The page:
A note from Steve…
There are so many people to thank at First Parish, and I’m afraid that if I begin a list, I will accidentally omit people. But as the year wraps up, I have to acknowledge again the monumental efforts of the Choirs, rehearsing and recording for our services. I look forward to the time when ALL choir members can join their voices again! And Bells will ring again, of that you can be sure!
Thank you to the Music Committee. Thank you to all the amazing people I get to work with. Thank you everyone who has participated in the services in any way. Thank you to everyone who has joined church on Sundays from home and kept the heart of this church alive. Thank you to all the great minds at First Parish that coalesce to fix problems. Thank you to our technology wizards, you know who you are. Thank you to everyone who has taught me something this year. Thank you everyone who has done any of those millions of things that have kept us together as a community. And I would be remiss if I did not recognize the work of Kevin Snow. He helped with every zoom rehearsal… every single one. His dedication made my job so much easier as I could focus more on music and less on technological issues. There are too many people to thank, so I’ll stop there…
Anyway, we shouldn’t be shocked that it’s already June. Even as we regroup and lives begin to “normalize”, time-perception still seems to be altered. And I’ll be honest… I like it. For some of us, prepandemic life had forced us into routines filled with too many comfortable wastes-of-time, i.e. commutes, mismanaged down time, etc. Routine, even when wasteful, breeds comfort; and comfort is kryptonite for creativity. We all have a new, probably more creative relationship with time now. I can’t wait to see the results as we begin more direct collaborations, expressing our new selves. We are all bringing new angles of perception and experience that none of us could have imagined before. It is fascinating. We humbly renew our relationships with those for whom we cared so much before the pandemic. And, we also get the added enjoyment of catching up with everyone’s changes. It’s a once-in-a-lifetime opportunity to observe human behavior, especially our own, under these bizarre circumstances. It will be interesting to realign our social protocols, especially as they relate to time.
The other day, one of my sons was trying to convince me that the best time to eat cake, is RIGHT NOW. His logic was flawless, but it seemed like an opportunity for me to expound upon the virtues of patience and delaying gratification. I made the case that, if we waited until later to eat the cake, we would experience that moment as ‘now’, while it occurs. Everything we have ever done, or will ever do, was/will be experienced by us in what we would insist is called the ‘now’. My son’s eyes got wide. He was right. ‘Now’ is the best time to eat chocolate cake. But which now? This ‘now’, or ‘future now’? Luckily, we don’t have to be too concerned with ‘past now’. Recognizing that ‘future him’ would also like to eat cake in that inevitable ‘future now’ made him feel like a time traveler a little bit. After several moments of silence, as I stood in wonder at his brain, my son said the most brilliantly philosophical thing I’ve ever heard…” We can always bake another cake in a future now” .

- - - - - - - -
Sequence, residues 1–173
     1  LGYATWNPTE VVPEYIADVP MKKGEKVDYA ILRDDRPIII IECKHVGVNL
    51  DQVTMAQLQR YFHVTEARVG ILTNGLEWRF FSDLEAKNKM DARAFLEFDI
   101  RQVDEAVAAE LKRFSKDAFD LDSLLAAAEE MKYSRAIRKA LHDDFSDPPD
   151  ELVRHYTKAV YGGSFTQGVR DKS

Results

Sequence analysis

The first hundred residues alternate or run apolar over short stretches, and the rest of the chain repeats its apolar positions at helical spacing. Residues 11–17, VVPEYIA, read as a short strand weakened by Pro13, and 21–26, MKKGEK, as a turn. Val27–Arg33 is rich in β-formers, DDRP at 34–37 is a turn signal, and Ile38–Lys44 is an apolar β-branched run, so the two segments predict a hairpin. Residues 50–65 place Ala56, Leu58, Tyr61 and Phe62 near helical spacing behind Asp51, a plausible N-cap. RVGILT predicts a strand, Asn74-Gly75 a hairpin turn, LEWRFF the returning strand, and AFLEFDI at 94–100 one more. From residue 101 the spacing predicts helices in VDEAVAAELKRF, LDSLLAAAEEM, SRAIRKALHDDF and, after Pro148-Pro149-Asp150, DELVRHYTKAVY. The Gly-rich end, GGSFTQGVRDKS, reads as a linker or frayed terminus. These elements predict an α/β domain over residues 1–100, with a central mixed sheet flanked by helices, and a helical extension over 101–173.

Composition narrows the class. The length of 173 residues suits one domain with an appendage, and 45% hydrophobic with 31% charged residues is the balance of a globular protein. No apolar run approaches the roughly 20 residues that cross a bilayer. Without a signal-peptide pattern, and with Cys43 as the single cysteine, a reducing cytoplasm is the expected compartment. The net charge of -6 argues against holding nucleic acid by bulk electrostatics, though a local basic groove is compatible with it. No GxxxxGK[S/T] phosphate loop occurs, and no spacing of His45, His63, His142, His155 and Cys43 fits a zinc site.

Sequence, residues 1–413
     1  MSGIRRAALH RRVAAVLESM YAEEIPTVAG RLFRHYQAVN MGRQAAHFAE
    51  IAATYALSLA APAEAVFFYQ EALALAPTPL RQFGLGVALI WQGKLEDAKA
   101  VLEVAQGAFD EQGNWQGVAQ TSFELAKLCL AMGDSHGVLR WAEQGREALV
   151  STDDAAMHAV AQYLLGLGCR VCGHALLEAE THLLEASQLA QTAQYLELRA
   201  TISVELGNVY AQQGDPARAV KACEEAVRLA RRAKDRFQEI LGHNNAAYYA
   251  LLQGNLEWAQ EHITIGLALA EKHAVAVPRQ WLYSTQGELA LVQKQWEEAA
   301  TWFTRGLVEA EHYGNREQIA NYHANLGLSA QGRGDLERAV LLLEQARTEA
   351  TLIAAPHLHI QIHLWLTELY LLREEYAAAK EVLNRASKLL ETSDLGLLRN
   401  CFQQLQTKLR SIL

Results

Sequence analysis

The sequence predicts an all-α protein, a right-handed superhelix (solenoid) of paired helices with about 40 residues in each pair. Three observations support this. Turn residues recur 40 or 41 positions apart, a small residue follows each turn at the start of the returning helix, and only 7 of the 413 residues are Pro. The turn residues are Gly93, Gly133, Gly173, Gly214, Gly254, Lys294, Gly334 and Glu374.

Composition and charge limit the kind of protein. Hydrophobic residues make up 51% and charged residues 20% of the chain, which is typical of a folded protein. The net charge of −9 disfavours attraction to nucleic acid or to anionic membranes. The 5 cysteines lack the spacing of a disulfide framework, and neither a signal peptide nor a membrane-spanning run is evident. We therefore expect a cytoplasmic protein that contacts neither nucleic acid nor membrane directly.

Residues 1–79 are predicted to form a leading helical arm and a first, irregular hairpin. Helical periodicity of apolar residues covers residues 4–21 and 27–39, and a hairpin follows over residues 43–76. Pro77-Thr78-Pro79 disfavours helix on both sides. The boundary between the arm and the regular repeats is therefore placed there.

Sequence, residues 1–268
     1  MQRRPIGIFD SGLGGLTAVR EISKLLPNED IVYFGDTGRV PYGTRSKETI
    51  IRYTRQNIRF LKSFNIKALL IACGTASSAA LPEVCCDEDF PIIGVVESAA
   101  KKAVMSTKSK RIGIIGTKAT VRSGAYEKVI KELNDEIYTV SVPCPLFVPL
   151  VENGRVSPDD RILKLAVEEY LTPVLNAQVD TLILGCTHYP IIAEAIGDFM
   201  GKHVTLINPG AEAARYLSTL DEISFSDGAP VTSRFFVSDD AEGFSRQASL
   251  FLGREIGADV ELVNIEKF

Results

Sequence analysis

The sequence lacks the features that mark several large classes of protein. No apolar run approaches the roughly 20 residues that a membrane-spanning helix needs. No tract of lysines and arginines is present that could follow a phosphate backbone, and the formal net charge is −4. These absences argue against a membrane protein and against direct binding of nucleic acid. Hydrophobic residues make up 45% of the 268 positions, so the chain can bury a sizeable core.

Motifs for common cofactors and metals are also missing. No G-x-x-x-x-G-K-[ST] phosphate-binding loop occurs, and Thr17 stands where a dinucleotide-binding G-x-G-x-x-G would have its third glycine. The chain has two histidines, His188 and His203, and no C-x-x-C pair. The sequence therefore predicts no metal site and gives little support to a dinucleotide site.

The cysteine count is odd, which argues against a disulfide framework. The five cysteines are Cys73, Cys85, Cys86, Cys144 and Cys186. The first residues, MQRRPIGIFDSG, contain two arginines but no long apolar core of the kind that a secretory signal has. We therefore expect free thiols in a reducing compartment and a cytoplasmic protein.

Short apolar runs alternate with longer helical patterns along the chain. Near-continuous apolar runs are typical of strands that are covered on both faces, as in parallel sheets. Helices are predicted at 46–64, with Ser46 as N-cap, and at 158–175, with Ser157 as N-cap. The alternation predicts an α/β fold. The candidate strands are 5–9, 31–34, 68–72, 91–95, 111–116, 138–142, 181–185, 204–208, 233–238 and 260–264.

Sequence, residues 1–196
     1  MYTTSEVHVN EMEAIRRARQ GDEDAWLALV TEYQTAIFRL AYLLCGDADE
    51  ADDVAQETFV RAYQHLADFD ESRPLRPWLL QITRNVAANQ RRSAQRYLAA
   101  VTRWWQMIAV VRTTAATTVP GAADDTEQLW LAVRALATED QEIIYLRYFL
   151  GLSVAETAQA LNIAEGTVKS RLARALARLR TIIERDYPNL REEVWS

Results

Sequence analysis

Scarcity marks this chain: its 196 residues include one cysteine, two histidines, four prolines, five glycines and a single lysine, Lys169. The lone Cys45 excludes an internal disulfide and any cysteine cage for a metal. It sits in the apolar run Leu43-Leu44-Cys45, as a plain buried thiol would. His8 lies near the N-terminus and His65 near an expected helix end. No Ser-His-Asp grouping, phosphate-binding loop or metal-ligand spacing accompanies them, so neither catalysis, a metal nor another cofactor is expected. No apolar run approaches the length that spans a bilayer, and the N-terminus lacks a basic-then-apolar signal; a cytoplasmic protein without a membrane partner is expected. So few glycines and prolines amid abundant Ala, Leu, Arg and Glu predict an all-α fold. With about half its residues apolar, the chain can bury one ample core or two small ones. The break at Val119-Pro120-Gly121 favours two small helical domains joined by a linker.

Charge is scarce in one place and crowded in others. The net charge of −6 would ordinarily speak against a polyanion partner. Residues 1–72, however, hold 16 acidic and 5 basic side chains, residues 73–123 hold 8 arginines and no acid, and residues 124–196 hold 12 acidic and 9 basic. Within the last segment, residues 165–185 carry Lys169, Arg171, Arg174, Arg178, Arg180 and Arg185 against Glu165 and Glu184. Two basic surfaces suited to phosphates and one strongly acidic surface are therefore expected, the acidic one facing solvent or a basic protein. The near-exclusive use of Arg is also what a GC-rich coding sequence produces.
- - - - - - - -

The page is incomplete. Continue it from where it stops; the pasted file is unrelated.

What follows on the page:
I look forward to that inevitable ‘future now’ when we can share our energy together in person. (And cake… let’s share chocolate cake too.)
Thank you all so much,
Your Music Director, Steve
It seems that for so many of us, the darkness is quickly lifting and we can see brighter days ahead. And for so many others, this does not feel like the case at all. I think we will not understand how this pandemic has impacted our lives until we can view it in our 20/20 hindsight. But, in the meantime, it is fascinating to observe the ways it has changed our personalities. I, for instance, have noticed my musical needs changing. Where I once would gravitate to the most edifying works of the great masters, I now long for much simpler music. Give me three chords and a tune... and a groove. Where I once had delusions of someday composing serious music which could last in the repertory for centuries, I now relish the idea of simply comforting living people. I would also like to make people dance; that would be fun. We need music to make people laugh a little, too. I don’t want to write music that makes people sit and contemplate mortality...I don’t know why I ever wanted to do that. Create simple joy, that’s the thing to do now.
We are all changing. I’m sure we have all experienced a little extra egocentricity and certainly egocentrism. (I had to look those up). Perhaps some little indulgences such as feeling apathetic, or even the occasional bout of melancholia, have entered our standard repertoire of acceptable emotions. Maybe, even as we are excited at the prospects of at least nominally improved social life soon, we feel some anxiety about seeing people again. Empathy certainly feels different, from afar. Maybe we will all need to relearn etiquette and patience. Relationships have changed. Priorities have changed. It’s going to be interesting to observe our next great adaptation to whatever the immediate future looks like.
First Parish has been a rock throughout this. I feel even closer to our First Parish family now than I did before the pandemic. Church has become even more important. I have let some old friends go, but church family is always on the mind. As we forge our path forward, I feel so encouraged to be part of this family.